Eat right and your body will function right. This is where a lot of people are sent on the wrong path due to clever advertising from the Agro Industry, Big Pharma, the American Dietetic Association and the United States Department Of Agriculture. So they preach that wheat and wheat products are good for you, but the lab tests show that it induces hyperinsulinemia and leads to diabetes. The genetic changes of wheat (“accomplished” through forced chemical hybridization in the 1970’s) are responsible for the metabolically very active wheat belly (accumulation of visceral fat) that Ref. 1 has described in detail. But others have researched this topic as well. Ref. 2 for instance confirms that gliadin, the glue in wheat, which allows dough to stick and makes it easy to create bread, bagels and pasta, is responsible for neurological issues like numbness of fingers and feet (peripheral neuropathy), balance problems and cognitive decline all the way to Alzheimer’s disease. If you continue to eat wheat and wheat products (all contained in conveniently packaged “processed” foods), you may very well find that your balance and muscle control will deteriorate by the time you are in your eighties. This condition is not new: one of the lecturers I listened to at McMaster University in Hamilton, Ontario in 1977 referred to those unfortunate individuals who were severely disabled as the “tea and toasters”. The tea in this case was probably the lesser evil, but the wheat induced malabsorption and malnutrition was a reality already in the mid and late 1970’s.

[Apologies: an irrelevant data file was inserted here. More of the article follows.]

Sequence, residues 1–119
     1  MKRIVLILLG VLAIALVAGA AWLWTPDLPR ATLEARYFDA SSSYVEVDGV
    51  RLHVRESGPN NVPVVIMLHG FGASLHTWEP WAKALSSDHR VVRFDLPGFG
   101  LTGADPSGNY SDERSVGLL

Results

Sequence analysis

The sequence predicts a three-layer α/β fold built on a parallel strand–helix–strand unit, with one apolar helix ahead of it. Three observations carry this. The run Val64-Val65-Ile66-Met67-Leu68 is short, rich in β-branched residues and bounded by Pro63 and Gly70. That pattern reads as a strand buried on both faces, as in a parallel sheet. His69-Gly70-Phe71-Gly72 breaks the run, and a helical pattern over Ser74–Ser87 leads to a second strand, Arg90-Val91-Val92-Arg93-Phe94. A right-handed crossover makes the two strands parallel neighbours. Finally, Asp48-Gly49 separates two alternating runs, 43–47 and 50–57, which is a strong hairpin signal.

However, if you start eating organic foods to avoid the chemicals and estrogen-like xenoestrogens from pesticides, and you cut out sugar, high-density carbs and wheat products, you will no longer have problems with weight control and you will maintain your muscle, brain and nerve function. This is not what you learn from the regular agencies mentioned at the beginning of this paragraph, but Ref. 1 and 2 will fill you in on the details. Essentially, I follow a Mediterranean diet without sugar, starchy foods and wheat or wheat products. Ref. 2 stressed the importance of enough saturated and healthy fat (omega-3 fatty acid rich oils) in a balanced diet consisting of 20% protein and low carbs. No specific numbers were given regarding the %-age of fat. I would say that a limit of about 25 to 35% for fat would be reasonable except for the Inuit who are used to a fat content in their diet of 80%. The new thinking is that healthy fats are good for your brain and heart. Healthy fats are omega-3 fatty acids (EPA and DHA) derived from fish oil as they are very protective (anti-inflammatory) oils, so is olive oil and coconut oil. These latter two are anti-inflammatory monounsaturated fatty acids. Keep in mind that you want to change the ratio of omega-3 to omega-6 fatty acids (the ratio in this link is cited as omega-6 to omega-3) more in the direction of omega-3 fatty acids, so that the ratio will be between 1:1 and 1:3. Most Americans are exposed to ratios of 1:8 to 1:16 (too many omega-6 fatty acids in fast food and processed foods), which leads to inflammation of the arteries as well. Omega-6 fatty acids, found in safflower oil, sun flower oil, grape seed oil and canola oil are bad for you when not balanced by enough omega-3’s (flax seed oil and fish oil) as they lead to inflammation through the arachidonic acid system in the body. It may be a surprise to you that saturated fats are OK: animal fat like butter, lard, cream, ghee (clarified butter), and other animal fats provided they come from clean (not antibiotic or bovine growth hormone treated) animals. Buy organic and buy organic meats as well such as grass fed beef and bison, chicken and turkey.